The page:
Eject allows removable media (typically a CD-ROM, floppy disk, tape, or JAZ or ZIP disk) to be ejected under software control. The command can also control some multi-disc CD-ROM changers, the auto-eject feature supported by some devices, and close the disc tray of some CD-ROM drives.
The device corresponding to <name> is ejected. The name can be a device file or mount point, either a full path or with the leading "/dev", "/media" or "/mnt" omitted. If no name is specified, the default name "cdrom" is used.
There are four different methods of ejecting, depending on whether the device is a CD-ROM, SCSI device, removable floppy, or tape. By default eject tries all four methods in order until it succeeds.
If the device is currently mounted, it is unmounted before ejecting.
Eject the default device:
Eject a device or mount point named cdrom:
- eject cdrom
Eject using device name:
- eject /dev/cdrom
Eject using mount point:
- eject /mnt/cdrom/
Eject 4th IDE device:
- eject hdd
Eject first SCSI device:
- eject sda
Eject using SCSI partition name (e.g. a ZIP drive):
- eject sda4
Select 5th disc on multi-disc changer:
- eject -v -c4 /dev/cdrom
Turn on auto-eject on a SoundBlaster CD-ROM drive:
- eject -a on /dev/sbpcd
Eject only works with devices that support one or more of the four methods of ejecting. This includes most CD-ROM drives (IDE, SCSI, and proprietary), some SCSI tape drives, JAZ drives, ZIP drives (parallel port, SCSI, and IDE versions), and LS120 removable floppies. Users have also reported success with floppy drives on Sun SPARC and Apple Macintosh systems. If eject does not work, it is most likely a limitation of the kernel driver for the device and not the eject program itself.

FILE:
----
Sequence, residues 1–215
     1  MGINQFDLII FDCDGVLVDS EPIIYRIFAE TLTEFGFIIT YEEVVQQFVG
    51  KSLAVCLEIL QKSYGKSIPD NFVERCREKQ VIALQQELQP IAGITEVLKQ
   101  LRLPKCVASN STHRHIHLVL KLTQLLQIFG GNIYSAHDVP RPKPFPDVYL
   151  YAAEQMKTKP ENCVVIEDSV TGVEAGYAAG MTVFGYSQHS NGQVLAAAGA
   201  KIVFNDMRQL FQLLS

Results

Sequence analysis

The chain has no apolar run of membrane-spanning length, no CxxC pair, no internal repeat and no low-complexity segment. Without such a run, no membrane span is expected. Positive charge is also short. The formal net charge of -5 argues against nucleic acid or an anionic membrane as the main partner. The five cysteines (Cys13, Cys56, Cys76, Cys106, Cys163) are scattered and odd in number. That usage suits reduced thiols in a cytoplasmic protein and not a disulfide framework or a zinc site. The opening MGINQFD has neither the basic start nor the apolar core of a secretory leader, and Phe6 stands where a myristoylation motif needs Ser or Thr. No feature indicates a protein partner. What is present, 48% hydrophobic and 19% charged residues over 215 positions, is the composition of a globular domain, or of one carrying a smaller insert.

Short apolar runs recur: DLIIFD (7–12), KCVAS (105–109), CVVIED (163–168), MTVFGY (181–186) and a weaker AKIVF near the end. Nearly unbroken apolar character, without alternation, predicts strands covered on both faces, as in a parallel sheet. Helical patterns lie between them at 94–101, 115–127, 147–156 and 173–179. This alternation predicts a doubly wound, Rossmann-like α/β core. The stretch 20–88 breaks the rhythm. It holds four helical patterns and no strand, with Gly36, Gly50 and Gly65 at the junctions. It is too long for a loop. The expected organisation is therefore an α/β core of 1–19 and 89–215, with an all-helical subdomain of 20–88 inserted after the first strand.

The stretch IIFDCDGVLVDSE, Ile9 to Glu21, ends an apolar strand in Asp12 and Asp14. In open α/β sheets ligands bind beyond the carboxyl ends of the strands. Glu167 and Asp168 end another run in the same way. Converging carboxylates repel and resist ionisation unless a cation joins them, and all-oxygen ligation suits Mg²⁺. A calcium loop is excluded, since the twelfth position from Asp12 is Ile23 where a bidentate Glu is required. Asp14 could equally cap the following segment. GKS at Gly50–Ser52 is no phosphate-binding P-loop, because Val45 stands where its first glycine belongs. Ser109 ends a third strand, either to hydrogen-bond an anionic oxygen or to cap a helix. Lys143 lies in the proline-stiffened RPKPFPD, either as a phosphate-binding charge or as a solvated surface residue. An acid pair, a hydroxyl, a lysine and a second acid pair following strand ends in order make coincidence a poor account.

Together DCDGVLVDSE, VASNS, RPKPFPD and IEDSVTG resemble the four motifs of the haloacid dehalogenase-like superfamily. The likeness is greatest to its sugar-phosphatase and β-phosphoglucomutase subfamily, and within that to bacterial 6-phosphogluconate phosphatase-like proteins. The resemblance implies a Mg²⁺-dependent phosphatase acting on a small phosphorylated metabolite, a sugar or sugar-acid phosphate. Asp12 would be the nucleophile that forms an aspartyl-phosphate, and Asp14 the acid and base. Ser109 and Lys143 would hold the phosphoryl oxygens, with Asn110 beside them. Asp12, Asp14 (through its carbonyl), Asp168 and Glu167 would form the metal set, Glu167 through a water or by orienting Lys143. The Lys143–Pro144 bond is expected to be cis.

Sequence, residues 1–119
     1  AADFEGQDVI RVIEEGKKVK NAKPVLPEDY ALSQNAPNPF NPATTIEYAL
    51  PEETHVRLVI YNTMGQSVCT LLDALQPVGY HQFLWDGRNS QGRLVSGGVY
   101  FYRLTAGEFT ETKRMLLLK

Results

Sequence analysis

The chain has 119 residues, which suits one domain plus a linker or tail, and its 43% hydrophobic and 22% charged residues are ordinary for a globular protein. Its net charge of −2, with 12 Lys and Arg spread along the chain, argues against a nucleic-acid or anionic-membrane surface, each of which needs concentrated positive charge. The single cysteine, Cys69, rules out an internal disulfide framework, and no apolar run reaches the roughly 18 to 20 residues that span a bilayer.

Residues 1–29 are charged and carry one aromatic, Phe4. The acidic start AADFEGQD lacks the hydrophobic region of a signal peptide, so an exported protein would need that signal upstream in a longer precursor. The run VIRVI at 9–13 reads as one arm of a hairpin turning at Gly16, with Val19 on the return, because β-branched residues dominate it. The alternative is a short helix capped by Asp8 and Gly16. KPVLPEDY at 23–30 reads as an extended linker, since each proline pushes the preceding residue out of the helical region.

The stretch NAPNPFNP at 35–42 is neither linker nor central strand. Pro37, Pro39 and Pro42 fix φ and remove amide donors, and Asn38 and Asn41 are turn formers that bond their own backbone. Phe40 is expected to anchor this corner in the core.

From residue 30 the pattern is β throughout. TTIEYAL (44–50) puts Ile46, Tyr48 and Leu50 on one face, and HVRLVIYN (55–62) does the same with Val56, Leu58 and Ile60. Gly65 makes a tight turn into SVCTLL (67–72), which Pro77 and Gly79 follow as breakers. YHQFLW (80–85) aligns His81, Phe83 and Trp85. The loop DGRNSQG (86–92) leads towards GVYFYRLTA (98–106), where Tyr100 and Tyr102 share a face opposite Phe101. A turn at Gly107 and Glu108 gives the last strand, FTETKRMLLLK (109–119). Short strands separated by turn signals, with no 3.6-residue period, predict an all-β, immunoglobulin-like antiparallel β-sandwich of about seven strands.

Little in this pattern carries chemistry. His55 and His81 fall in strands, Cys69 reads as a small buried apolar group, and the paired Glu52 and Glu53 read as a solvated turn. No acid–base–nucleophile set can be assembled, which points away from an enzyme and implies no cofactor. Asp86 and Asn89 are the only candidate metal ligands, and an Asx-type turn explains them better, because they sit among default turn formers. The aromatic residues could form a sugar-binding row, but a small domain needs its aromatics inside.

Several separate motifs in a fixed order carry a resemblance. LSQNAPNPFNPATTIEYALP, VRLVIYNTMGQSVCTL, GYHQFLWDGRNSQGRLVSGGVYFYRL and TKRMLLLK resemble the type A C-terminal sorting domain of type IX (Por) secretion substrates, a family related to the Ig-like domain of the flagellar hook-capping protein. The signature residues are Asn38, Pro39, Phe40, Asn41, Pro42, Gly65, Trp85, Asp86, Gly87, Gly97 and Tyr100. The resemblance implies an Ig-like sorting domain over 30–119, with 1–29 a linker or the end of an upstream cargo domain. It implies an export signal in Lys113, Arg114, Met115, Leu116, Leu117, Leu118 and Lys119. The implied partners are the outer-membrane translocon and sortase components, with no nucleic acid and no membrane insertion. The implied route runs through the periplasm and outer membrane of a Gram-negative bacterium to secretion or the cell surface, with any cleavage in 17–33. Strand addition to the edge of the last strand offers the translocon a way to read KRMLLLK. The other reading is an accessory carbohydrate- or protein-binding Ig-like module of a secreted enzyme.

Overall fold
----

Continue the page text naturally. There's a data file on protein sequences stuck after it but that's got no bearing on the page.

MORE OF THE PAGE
The -r, -s, -f, and -q options allow controlling which methods are used to eject. More than one method can be specified. If none of these options are specified, it tries all four (this works fine in most cases).
Eject may not always be able to determine if the device is mounted (e.g. if it has several names). If the device name is a symbolic link, eject will follow the link and use the device that it points to.
If eject determines that the device can have multiple partitions, it will attempt to unmount all mounted partitions of the device before ejecting. If an unmount fails, the program will not attempt to eject the media.
You can eject an audio CD. Some CD-ROM drives will refuse to open the tray if the drive is empty. Some devices do not support the tray close command.
If the auto-eject feature is enabled, then the drive will always be ejected after running this command. Not all Linux kernel CD-ROM drivers support the auto-eject mode. There is no way to find out the state of the auto-eject mode.
You need appropriate privileges to access the device files. Running as root or setuid root is required to eject some devices (e.g. SCSI devices).
The heuristic used to find a device, given a name, is as follows. If the name ends in a trailing slash, it is removed (this is to support filenames generated using shell file name completion). If the name starts with '.' or '/', it tries to open it as a device file or mount point. If that fails, it tries prepending '/dev/', '/media/' ,'/mnt/', '/dev/cdroms', '/dev/rdsk/', '/dev/dsk/', and finally './' to the name, until a device file or mount point is found that can be opened. The program checks /etc/mtab for mounted devices. If that fails, it also checks /etc/fstab for mount points of currently unmounted devices.
Creating symbolic links such as /dev/cdrom or /dev/zip is recommended so that eject can determine the appropriate devices using easily remembered names.
To save typing you can create a shell alias for the eject options that work for your particular setup.
Eject was written by Jeff Tranter (email@example.com) and is released under the conditions of the GNU General Public License. See the file COPYING and notes in the source code for details.
The -x option was added by Nobuyuki Tsuchimura (firstname.lastname@example.org), with thanks to Roland Krivanek (email@example.com) and his cdrom_speed command.
The -T option was added by Sybren Stuvel (firstname.lastname@example.org), with big thanks to Benjamin Schwenk (email@example.com).
The -X option was added by Eric Piel (Eric.Piel@tremplin-utc.net).